Prepare now for rebuilt Lib Dems
The Labour party of 1997 – at least, the driving force behind it – grew up in irrelevance. Muted by the dogma of the 1980s, walking into campaigns with electoral suicide notes; it is little wonder that Tony Blair considered leaving politics completely.
1997 ‘happened’ partly because the country was tired of the Conservative party. But it was all the more welcoming of change because the project of modernising the alternative came to fruition under Tony Blair. His inner circle had all been witnesses to the disastrous politics of the 1980s, prompting a steely determination to change the fortunes of the Labour party. It is what drove them to modernisation; the inherent belief that Labour could be so much more for so many more people.
That sense of social justice with individual responsibility is what marks many of our shared political beliefs in today’s Labour party. It is no longer a party obsessed with left or right. Because of New Labour, our party is no longer challenged by dogma and irrelevance. The efforts of Blair, Brown and Mandelson mean we cannot return to the political incompetence of the 1980s.
New Labour liberated the modernisers of the Labour party. But it isn’t a phenomenon that can only occur once, and in one party. We should be wary of what growing up in defeat means for those of other colours, too.
Witnessing the collapse of the Liberal Democrats delivers a mixed bag of emotions; schadenfreude of course, but sorrow and worry too. Robert Philpot, in the June edition of Progress magazine, pointed out the electoral hazards should the Lib Dem wipeout continue into the next general election. There are repercussions of Lib Dem collapse further into the future too.
Liberal Youth membership fell by 50 per cent in 2011. While Labour Students chalks up some brilliant successes, the Lib Dems are losing presence in universities, at grassroots levels and in campaigning strength. Once the party of gross opportunism, they have become a hollow and indefinable mess.
They are losing those who might otherwise have made up a future generation Liberal Democrat party. But it also means we have to consider those who have stayed. There will be, as in every party or movement, a core of modernising activists waiting.
The Liberal Democrats of 2010 and onwards – this current crop of Liberal Youth members – will be driven by the failures of their party’s leadership. They will face criticism that their party is out of touch, not liberal enough, not fit to govern. Outdated, poor communicators, no sense of leadership.
All these claims ring true. It sounds like the Labour party of the 1980s. And like the generation of Labour politicians and activists who grew up in the shadow of the wilderness years, the Liberal Democrats who have chosen to stay are clearly determined to cling onto the hope of a brighter liberal future.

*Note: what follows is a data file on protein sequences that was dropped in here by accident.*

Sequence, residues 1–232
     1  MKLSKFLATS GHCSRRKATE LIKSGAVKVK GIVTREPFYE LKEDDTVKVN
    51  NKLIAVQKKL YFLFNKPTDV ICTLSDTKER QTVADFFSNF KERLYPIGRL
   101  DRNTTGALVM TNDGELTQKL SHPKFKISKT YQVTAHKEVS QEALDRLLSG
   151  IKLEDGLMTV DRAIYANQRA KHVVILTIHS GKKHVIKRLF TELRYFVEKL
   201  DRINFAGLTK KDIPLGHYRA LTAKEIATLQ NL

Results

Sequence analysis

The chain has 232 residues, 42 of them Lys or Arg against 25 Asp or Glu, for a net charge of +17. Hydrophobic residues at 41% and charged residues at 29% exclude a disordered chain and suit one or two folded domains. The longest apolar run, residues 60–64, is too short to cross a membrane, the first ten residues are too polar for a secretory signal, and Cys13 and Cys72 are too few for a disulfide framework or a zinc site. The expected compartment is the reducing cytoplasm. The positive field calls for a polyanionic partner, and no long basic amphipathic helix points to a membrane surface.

It means that, in a party which looks comfortable with supporting conservatism, the modernising urge will be to get away from the Tories. It doesn’t mean they’ll run to Labour either – this will be a Liberal Democrat party with have no qualms about taking up their old position of equidistance between red and blue. They will take votes from us in marginals and the south; letting the Tories back in, eroding our share of the vote.
Talk of a coalition in 2015 should be taken seriously should the mathematics require it. We are progressive, and so are they when they want to be genuine.
But the fact remains that the chance for a truly progressive realignment of British politics has long passed; a long and drawn-out death of the liberal politics they said made them different. The resistance – on both sides – to accommodating the Liberal Democrats into a New Labour cabinet was swiftly vindicated as they returned to opportunism, sinking back into opposition – their natural home.
And the failure to distance themselves from the Tories is a threat they must run from. A core of the party, a true Cleggite band, might remain supporting conservatism with a smile, comfortable with the environment of coalition. A disaster waiting to happen, but a scenario already played out with the FDP in Germany.
We should be clear about the timeframe. This will only come about in a generation; when Clegg, Cable and Hughes are replaced by serious, less accommodating liberals. The fact that so many are disillusioned with their leadership means they’ll only pursue their aims with more vigour; a chance to prove themselves as a real opposition alternative.
We should ensure that we are equipped for a rebuilt Lib Dem party. Early campaign planning for by-elections, as proposed by Richard Angell and me, must be fully functional by the time the Lib Dems start fighting them again. We have to make progress on local election gains with policies appealing to every part of the electorate.
Are the Liberal Democrats out of serious power for a generation or more? Definitely. Off the political landscape? Never.
Labour, Liberal Democrats